• WithinReach began hosting the HPV Task Force, a collective of partners statewide that are convening to collaborate on promoting HPV vaccine uptake and series completion.

And in 2016, we look forward to:

  • The continued expansion of the Immunity Community.
  • Re-energizing the Vax Northwest work with healthcare providers, hopefully developing a new research project focused on provider-parent communication.
  • Learning more about what drives parent decision-making about vaccines in Washington State, and where we might best intervene through focus groups across the state.
  • Extending the stellar work of our Spokane Regional Health District partners to provide mobile immunization clinics and other tools to improve immunization record-keeping statewide.
  • Restructuring the Immunization Action Coalition of Washington’s committees to better align with needs in the state.
  • Connecting with current and new partners to promote HPV vaccine uptake.

To the exceptional Immunization Team at WithinReach, thank you for being so proactive and skilled in producing work of an outstanding caliber.  To all of our partners with whom we collaborate on these successes, thank you for your great work independently and with us!

Wishing everyone a healthy and happy New Year!

Tags: Community Health   HPV vaccine   Immunity Community   Immunization Action Coalition of Washington   immunizations   preventable diseases   vaccines   Washington state   WithinReach   

Community power in Central Washington

In my previous blog entry, I wrote of the importance of community for individuals and families who experience a special need or special health care need. To follow up on that topic, I’d like to explore a little bit about what components we can look for or cultivate in creating and sustaining community.  As a parent and a professional, something that I often find myself doing is looking for existing strengths as an opportunity to build community.  For a child, this strength might be a hobby or game, such as Minecraft: that’s definitely something kids can come together around!  For a community, an existing strength might be a fantastic parks system or even a parent network.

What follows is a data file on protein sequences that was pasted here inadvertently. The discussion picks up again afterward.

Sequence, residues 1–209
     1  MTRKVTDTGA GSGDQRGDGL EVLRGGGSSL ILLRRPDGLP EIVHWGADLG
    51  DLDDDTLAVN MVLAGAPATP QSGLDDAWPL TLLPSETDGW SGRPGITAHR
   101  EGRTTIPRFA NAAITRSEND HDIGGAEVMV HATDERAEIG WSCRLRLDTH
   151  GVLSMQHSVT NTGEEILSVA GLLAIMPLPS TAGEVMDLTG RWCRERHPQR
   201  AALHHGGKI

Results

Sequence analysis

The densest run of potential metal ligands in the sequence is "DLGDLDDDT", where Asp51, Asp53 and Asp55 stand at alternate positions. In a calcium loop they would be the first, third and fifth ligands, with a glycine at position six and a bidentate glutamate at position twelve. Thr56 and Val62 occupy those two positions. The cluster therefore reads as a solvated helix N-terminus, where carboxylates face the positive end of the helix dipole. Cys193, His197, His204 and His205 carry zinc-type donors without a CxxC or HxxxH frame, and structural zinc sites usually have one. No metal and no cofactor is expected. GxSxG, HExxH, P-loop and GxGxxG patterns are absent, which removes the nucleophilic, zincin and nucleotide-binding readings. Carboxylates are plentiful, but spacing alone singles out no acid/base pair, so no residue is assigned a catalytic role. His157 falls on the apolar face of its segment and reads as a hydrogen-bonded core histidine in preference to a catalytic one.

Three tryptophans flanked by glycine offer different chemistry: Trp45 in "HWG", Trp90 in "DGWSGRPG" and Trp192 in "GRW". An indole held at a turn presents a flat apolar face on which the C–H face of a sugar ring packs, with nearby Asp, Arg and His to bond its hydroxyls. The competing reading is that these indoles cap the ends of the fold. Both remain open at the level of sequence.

Recently I had the opportunity to spend some time in the beautiful Central Washington city of Moses Lake as part of a state-wide series of trainings for primary care providers and community outreach professionals for our work with children and youth with special health care needs. These trainings are in collaboration with the Washington Chapter of the American Academy of Pediatrics. During my visit to Moses Lake, I found a great deal of community strengths for positive child development! From Birth to Three, to Family Services, to Integrated Services, to Inspire, there are many local resources available to families.  It was wonderful to see how these agencies work together to support a community of families and the people they interact with, such as teachers, home visitors, speech and occupational therapists, support groups, recreation groups, and medical providers.
One community member that I had the great pleasure of meeting is Deborah McVay, also known as the Library Lady.  In her outreach role with the North Central Regional Library, she has been facilitating connections between families and agencies for over 20 years over several counties in Central Washington.  She has a wealth of long-term community knowledge that helps strengthen the families she works with, and in turn strengthens the community.  It is an important mutual relationship, especially in a region where communities and individuals can be less connected geographically. Deborah bridges that distance with her outreach.  She also works as a liaison between families who are new to the language and region, and helps them prepare their children for school.When I asked her what she thinks makes her work so successful, she answered